The Team:

Designer – Jake Pierce
Artist – Maria Crawford
Artist – Scott DeLong
Programmer – Ryan Sobczak
Producer – Emily Harnedy

conceptfirebeatofflamehow

Concept

Our project is a timing and rhythm game designed to stimulate interest in Native American culture (specifically the Potawatomi tribe) among school children aged six to nine. The art style is a friendly, illustrative paper cut intended to appeal to kids. The player controls a group of dancers trying to keep the fire alive in order to ward off the Wendigo and ensure their safety. Players click on pieces of firewood that the dancers will then dance to, their movement controlled by the player’s accurate input of a rhythm that is reflected in game.

Target Market

Our target market consists of two separate markets—children aged 6 to 9 and their parents/educators. We want to engage the children’s interest while also convincing parents and schools to open their pocket books.

The game targets young school children in the third to fifth grade. These are kids who grew up playing on tablets and ipods. They like to play simple video games on their parents’ phones and computers. In school their teachers try to incorporate technology into their learning to prepare them for our technologically advanced world. These kids are constantly looking for new games to play. Our game’s papery aesthetic and caricatured characters will appeal to kids because it is quirky and fun.

To market to parents and educators, we will stress the educational aspect of our game. Parents want to foster their children’s interest in technology, but they get tired of watching them play countless bubble poppers and Angry Bird inspired games. Instead, parents want their children to play something a little more meaningful. Our game fits parents’ expectations as it is both fun for their child and stimulates their interest in a culture different from their own.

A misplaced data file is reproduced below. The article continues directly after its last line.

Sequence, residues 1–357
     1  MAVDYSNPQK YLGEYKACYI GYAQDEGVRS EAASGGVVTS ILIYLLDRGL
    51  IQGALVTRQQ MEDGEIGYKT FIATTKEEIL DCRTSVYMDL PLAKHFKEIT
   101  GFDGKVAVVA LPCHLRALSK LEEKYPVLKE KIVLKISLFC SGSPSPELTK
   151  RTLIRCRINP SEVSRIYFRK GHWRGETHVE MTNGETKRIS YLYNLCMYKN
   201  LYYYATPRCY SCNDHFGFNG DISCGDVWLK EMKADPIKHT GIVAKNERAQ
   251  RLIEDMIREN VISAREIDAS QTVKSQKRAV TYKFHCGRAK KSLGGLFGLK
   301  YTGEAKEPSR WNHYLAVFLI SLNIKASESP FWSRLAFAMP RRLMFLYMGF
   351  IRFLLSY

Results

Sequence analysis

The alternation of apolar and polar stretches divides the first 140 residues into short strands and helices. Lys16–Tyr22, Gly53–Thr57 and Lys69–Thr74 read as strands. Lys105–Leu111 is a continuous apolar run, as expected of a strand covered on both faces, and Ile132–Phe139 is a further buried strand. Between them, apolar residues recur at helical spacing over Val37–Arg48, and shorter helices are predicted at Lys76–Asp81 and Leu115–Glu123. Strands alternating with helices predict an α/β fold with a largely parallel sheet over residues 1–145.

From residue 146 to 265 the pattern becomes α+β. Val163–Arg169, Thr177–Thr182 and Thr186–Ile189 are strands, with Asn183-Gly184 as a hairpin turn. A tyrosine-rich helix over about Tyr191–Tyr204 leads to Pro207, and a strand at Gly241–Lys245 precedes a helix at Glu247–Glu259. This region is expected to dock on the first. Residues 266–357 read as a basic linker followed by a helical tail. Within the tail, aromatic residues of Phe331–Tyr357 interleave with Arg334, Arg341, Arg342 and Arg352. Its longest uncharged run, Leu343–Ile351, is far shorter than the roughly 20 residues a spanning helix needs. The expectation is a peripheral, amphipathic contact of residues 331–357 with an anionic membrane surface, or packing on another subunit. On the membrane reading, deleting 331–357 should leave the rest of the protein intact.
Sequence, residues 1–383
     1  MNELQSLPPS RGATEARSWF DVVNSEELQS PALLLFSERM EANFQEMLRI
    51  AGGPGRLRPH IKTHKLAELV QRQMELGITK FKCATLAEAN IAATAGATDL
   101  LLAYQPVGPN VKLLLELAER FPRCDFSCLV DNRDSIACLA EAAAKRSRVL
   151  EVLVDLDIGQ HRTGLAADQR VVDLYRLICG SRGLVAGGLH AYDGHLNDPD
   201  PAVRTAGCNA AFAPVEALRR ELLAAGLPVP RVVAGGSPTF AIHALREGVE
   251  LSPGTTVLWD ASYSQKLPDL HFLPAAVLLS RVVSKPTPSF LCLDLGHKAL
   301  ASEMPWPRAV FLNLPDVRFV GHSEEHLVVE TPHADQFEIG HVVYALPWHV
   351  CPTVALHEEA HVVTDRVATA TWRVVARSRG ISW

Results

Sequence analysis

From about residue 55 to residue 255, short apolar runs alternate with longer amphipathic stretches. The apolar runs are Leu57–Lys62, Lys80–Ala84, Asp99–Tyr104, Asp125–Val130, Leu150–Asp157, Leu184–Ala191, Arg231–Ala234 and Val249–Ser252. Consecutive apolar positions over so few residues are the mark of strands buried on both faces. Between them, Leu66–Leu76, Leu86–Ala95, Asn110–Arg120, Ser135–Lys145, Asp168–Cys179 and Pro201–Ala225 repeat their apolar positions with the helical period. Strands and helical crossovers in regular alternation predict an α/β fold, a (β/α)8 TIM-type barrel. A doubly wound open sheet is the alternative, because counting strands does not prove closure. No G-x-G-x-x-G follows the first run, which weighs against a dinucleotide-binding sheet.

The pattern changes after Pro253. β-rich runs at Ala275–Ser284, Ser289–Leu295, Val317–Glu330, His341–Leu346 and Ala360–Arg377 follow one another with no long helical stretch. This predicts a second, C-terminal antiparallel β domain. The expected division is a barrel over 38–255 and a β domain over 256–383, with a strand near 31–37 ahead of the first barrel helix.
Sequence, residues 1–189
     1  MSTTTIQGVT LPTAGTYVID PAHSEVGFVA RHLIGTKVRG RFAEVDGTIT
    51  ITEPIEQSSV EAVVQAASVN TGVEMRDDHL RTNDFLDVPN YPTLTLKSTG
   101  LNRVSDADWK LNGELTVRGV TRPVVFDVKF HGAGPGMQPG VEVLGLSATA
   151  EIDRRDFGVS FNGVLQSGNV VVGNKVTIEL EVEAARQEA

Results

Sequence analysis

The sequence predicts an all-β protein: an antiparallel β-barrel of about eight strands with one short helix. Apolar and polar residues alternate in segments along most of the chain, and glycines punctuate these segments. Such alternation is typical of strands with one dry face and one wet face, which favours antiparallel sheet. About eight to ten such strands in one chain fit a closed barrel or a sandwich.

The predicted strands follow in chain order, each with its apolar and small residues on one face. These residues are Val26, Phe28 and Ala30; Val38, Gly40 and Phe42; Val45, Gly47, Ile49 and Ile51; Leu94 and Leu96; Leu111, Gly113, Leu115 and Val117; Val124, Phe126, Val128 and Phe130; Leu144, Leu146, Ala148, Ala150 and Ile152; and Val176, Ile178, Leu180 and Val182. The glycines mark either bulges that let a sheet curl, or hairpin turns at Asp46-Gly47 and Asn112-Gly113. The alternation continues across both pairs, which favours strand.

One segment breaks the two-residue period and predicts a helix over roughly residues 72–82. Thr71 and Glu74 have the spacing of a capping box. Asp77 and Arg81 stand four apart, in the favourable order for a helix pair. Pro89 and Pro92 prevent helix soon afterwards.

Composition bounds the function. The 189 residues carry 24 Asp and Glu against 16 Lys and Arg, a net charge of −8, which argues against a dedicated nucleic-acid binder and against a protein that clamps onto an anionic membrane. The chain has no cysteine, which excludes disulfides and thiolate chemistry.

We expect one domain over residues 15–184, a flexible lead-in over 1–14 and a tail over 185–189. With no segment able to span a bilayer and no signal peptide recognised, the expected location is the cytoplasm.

Educators often incorporate technology into their classrooms, as well as educational games to spark children’s learning. By creating a game about Potawatomi culture, a topic not deeply explored in classrooms past the feast between Native Americans and pilgrims, our game can serve as an additional aid for educators in their teaching lessons.

Our game will suit the needs of both markets—child and parents/educators. Beat of the Flame is not a cliché rhythmic game; it is a game based on Native American cultural dances and beliefs that will open up a dialogue between parent/educators and children regarding America’s earliest inhabitants.

wendigodancer

Hypothetical Player

Chris is a 7-year old kid from Vermont who attends an average public school. Most of his classmates are from middle class, white families, so Chris hasn’t been exposed to much diversity in his life.

At school, Chris and his classmates use technology on a day to day basis. His teacher often uses internet resources to aid in her teaching practices. Every Wednesday, Chris and his class go to the school’s computer lab for their scheduled computer time, in which they play interactive games that reinforce the topics they are learning in class.

At home, Chris spends a lot of time with his friends outside. During the winter, his parents restrict the amount of time he can go outside because it is so cold. In addition to outdoor activities, Chris also enjoys computer games.

One day at school during computer time, his teacher introduces the class to Beat of the Flame, an interactive rhythm game based in Potawatomi culture. This is the first time Chris is exposed to the Potawatomi tribe. He has learned about Native Americans before, but he has never considered that there are different types of Native Americans. He tells his parents about the game when he comes home, and they decide to look up more about local Native American tribes in their area in addition to the Potawatomi.